How Do We Look
The Body, the Divine, and the Question of Civilisation
By Mary Beard
Liveright. 240 pp. $24.95
Reviewed by John Timpane
If ever I needed a guide to teach me how to look at art — or, better, how to consider the way art is looked at, and how it responds to that gaze — I’d choose Mary Beard. She writes spacious, accessible English without sacrificing depth or value. She invites you in, and when you’re done, you feel smarter because she has taught you well.
This book derives from Beard’s work in the 10-part BBC Civilisations series that aired this year on PBS. In it, Beard romped round the world with Simon Schama and David Olusoga. Built on Kenneth Clark’s landmark 1969 show Civilisation, the new series widened the aperture, more global, diverse, multicultural (not just Western): Note the plural in the newer series’ title. In the mode of even the grandest TV, the book is somewhat breezy, yet it treads profound pathways.
How Do We Look is a witty title, something you say when, all dressed up, you’re taking a turn in front of the viewer for his or her evaluation. Beard’s point is that art is forever doing just that. Renowned art historian Ernst Gombrich says there’s no such thing as art, only artists. No, says Beard: There’s art, all right, and not just in the beholder’s eye. Often, art solicits that eye and teaches it how to look.
A simple idea, even unfashionable in some quarters. It helps us recover, though, the two-way conversation between art and the beholder. What a tour Beard gives us, from Mexico to Egypt, Cambodia to Turkey. The book is divided into two parts: “The Body in Question,” addressing how art has approached the human body; and “The Eye of Faith,” addressing art’s exalted, conflicted approaches to the divine.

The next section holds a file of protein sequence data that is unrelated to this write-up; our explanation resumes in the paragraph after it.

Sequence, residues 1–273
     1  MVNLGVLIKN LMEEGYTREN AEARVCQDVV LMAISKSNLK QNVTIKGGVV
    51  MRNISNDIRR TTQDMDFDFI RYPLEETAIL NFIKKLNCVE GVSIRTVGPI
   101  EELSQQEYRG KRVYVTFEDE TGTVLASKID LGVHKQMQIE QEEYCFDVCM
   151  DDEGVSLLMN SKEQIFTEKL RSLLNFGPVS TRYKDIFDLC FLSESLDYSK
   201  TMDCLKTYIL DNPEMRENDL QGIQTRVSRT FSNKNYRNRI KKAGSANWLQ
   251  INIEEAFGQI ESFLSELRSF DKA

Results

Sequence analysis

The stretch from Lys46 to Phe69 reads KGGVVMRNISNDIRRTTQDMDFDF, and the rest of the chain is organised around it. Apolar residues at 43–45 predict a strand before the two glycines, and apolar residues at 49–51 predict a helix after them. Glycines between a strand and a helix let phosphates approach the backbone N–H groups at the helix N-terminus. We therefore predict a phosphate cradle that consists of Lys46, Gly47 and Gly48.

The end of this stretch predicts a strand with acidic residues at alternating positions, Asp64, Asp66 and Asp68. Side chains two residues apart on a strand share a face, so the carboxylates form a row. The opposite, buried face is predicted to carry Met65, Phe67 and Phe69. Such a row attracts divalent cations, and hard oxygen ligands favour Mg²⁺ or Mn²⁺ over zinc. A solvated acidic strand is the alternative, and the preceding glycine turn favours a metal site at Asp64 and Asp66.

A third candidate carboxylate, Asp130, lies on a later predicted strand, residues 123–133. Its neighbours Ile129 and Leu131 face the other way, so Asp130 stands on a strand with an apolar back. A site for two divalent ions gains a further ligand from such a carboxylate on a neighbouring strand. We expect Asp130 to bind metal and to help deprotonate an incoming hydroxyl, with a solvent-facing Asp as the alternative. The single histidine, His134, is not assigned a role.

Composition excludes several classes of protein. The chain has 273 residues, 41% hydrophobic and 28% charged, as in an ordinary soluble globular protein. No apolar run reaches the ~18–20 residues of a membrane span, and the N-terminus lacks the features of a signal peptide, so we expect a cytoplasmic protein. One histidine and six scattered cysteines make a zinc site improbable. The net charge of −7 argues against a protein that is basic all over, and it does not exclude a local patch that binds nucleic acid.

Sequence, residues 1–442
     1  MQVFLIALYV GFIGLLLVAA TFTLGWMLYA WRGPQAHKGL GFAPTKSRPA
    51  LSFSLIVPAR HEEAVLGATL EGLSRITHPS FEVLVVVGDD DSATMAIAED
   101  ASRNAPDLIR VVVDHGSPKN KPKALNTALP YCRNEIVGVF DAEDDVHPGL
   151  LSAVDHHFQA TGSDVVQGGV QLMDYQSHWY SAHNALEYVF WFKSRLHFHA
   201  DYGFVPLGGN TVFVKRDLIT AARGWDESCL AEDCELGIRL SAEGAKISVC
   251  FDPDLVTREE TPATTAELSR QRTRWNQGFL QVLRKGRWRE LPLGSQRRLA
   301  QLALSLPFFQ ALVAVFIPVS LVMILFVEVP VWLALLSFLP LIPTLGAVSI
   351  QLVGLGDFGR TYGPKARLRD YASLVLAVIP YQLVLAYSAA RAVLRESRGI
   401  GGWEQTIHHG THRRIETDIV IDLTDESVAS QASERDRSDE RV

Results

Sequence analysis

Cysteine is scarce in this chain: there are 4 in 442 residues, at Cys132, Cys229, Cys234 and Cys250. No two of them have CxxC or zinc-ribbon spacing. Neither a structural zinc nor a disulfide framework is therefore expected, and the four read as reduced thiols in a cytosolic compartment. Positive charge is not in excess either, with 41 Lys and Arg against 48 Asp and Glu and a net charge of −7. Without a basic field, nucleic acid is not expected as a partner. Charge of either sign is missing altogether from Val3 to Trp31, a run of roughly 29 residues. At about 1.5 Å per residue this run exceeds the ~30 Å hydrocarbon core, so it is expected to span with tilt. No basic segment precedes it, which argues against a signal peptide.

The chapter “Greek Bodies” shows us ancient pots painted with images of good wives and drunkards, teaching the viewer what it means to be Greek. In the superb chapter “The Look of Loss: From Greece to Rome,” Beard considers the spectacular, fairly recently discovered statue of Phrasikleia (about 550 B.C.) and the stunningly realistic portraits on the coffins of some Roman-era mummies (such as you can see at the Penn Museum of Archaeology and Anthropology). She realizes these “were attempts to keep the dead present among the living and to blur the boundary between this world and the next.”
In “The Greek Revolution,” Beard tackles the innovative, explosive “Greek Revolution,” a lifelike approach to sculpture in the ancient Greek-speaking world that has determined the course of most Western sculpture. It was an artistic bid to make sculpture live, to bring life into art and vice versa. Both the gains and losses were immense and permanent.
In the second half, Beard appreciates the mutual fertilization of art and religion, giving us, as she writes, “some of the most majestic and affecting visual images ever made.” She begins with Angkor Wat, one of the biggest religious artworks anywhere, which, she writes, was intended to body forth the claims of Hinduism and “bring the natural, divine, and human worlds into harmony.” In this enormous, ineffable temple complex, even the sun is part of the drama.
Islamic art, down to the great tradition of calligraphy, is invested with religious meaning. The network of monasteries and prayer halls in Ajanta, India, leads us into darkness to grapple with gods all around us. The Church of San Vitale at Ravenna (built 540), among the oldest of all Christian churches, portrays Jesus as young man, and as symbolic Lamb of God, and as an older man barely distinguishable from God the Father. We are being taught to see the divi;nity of Christ in all its dimensions.
“A lot depends on who’s looking,” Beard writes. That’s why we need a guide now, when the audiences for these artworks are but traces of history. Someone like Beard can rebuild the original gaze, teach us to see as these artists and audiences did.